A glitch in the Affordable Care Act (ACA) could cost families thousands of dollars in healthcare premiums. The problem impacts some families who are getting health insurance through an employer.
"If you're one of those families, this is going to be a drag,” said Aaron Katz, a health policy expert with University of Washington’s School of Public Health.
Katz says the problem has to do with how "affordable" is defined when it comes to employer-provided coverage.
"To decide whether something is ‘affordable,’ (The IRS) is only going to look at individual coverage. Family coverage can be quite a bit more expensive,” said Katz.
Under the Affordable Care Act, Congress defined "affordable" as 9.5 percent of an employee's household income. So for a family with a $50,000 income, an affordable premium would be $4750.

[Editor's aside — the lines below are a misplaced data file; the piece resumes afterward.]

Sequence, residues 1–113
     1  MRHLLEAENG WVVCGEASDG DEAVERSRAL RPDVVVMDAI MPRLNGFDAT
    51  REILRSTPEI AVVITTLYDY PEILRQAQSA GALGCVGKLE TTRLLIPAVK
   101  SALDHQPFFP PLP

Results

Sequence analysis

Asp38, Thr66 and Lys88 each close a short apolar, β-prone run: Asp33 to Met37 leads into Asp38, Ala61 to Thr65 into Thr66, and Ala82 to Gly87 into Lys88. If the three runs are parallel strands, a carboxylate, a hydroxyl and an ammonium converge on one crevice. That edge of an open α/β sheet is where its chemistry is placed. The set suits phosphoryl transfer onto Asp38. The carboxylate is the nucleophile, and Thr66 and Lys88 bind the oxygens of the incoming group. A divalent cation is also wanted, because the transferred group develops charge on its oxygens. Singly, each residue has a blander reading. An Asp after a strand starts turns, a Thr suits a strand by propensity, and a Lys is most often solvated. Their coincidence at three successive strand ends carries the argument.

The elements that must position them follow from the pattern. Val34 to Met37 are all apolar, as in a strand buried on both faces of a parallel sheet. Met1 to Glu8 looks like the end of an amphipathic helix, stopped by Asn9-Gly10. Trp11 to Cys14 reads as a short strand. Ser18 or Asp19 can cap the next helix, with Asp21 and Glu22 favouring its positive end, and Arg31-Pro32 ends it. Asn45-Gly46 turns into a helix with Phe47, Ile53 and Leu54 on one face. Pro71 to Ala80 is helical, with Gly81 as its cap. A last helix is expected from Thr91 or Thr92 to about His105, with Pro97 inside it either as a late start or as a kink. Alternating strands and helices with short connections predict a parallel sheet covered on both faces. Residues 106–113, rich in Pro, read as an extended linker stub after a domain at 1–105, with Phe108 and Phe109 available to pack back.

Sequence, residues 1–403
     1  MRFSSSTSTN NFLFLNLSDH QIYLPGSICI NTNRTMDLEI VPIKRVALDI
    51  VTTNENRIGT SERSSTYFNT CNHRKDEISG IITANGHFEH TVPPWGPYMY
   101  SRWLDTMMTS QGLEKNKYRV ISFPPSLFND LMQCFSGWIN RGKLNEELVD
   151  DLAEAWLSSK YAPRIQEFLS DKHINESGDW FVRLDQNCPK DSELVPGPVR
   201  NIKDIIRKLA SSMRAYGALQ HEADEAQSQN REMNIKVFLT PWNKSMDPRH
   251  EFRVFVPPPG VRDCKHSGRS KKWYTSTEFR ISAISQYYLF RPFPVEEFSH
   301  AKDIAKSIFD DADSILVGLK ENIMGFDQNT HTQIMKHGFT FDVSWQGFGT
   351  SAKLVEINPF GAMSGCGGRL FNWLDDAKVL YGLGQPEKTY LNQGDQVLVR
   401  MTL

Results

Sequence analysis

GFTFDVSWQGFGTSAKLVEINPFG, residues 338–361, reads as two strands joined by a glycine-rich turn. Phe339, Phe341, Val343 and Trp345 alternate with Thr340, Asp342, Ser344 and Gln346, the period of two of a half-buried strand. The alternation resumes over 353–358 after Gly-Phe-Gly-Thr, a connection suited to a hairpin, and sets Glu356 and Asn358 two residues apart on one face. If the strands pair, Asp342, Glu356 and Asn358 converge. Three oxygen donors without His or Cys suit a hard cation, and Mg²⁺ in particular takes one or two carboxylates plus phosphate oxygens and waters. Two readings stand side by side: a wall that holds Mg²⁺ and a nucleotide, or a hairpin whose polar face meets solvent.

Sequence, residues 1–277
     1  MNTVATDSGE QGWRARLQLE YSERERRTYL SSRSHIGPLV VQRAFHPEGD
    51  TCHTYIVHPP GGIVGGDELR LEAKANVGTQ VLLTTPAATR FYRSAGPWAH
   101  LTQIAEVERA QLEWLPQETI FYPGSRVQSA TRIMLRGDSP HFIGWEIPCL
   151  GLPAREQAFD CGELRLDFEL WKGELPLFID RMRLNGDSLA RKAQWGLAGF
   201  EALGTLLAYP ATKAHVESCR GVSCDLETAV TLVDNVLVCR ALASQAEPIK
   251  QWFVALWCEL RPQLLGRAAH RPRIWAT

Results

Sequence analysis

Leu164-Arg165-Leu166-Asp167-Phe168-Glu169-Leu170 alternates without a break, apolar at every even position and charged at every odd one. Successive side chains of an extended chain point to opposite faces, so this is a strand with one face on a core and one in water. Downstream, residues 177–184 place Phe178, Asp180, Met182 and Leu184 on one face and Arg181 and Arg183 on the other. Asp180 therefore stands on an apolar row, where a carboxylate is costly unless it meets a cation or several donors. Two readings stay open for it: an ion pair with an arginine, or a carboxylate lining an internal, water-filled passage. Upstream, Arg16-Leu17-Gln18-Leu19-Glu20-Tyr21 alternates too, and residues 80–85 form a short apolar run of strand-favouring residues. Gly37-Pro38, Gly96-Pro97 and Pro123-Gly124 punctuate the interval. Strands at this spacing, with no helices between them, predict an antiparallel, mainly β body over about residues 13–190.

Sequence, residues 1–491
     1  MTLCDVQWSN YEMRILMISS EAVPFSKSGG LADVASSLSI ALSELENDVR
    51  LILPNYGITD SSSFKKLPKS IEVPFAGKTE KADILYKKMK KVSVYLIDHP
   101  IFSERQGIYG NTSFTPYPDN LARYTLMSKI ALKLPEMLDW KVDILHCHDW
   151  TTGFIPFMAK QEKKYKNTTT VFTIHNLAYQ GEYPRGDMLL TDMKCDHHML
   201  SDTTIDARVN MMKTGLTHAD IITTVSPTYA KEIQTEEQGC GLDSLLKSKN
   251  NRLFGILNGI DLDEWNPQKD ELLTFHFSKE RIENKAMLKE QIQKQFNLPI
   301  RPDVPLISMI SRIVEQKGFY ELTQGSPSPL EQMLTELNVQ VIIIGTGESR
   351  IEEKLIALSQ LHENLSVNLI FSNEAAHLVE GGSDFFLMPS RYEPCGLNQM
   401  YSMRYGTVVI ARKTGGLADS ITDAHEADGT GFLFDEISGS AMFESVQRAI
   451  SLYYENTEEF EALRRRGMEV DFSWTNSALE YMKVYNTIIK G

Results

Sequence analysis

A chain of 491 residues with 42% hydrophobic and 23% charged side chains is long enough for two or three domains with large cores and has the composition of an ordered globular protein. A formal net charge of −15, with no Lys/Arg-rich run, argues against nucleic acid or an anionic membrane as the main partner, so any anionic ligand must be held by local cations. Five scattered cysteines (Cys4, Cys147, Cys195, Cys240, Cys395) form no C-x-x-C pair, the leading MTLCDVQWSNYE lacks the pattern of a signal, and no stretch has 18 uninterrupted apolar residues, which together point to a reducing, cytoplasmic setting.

The problem is that this rule only applies to the insurance premium for the employee. According to a Kaiser Family Foundation 2013 survey, that average is $4,565.
However, the same study revealed the average annual premium for an entire family is about $16,351.
If employer-sponsored coverage is too expensive, families can go to the Exchange for insurance, but according to Katz, they will not qualify for any federal subsidy.
"Push comes to shove, we say we can't afford to buy that coverage,” said Katz. “So you end with a family with a working person covered through the employer and the rest of the family not covered.”
It's contrary to the whole point of the president's healthcare reform plan, which was to make coverage affordable for families.
Congress could fix the problem, but for now, that seems unlikely given the House of Representatives’ latest decision to strip funding from the ACA.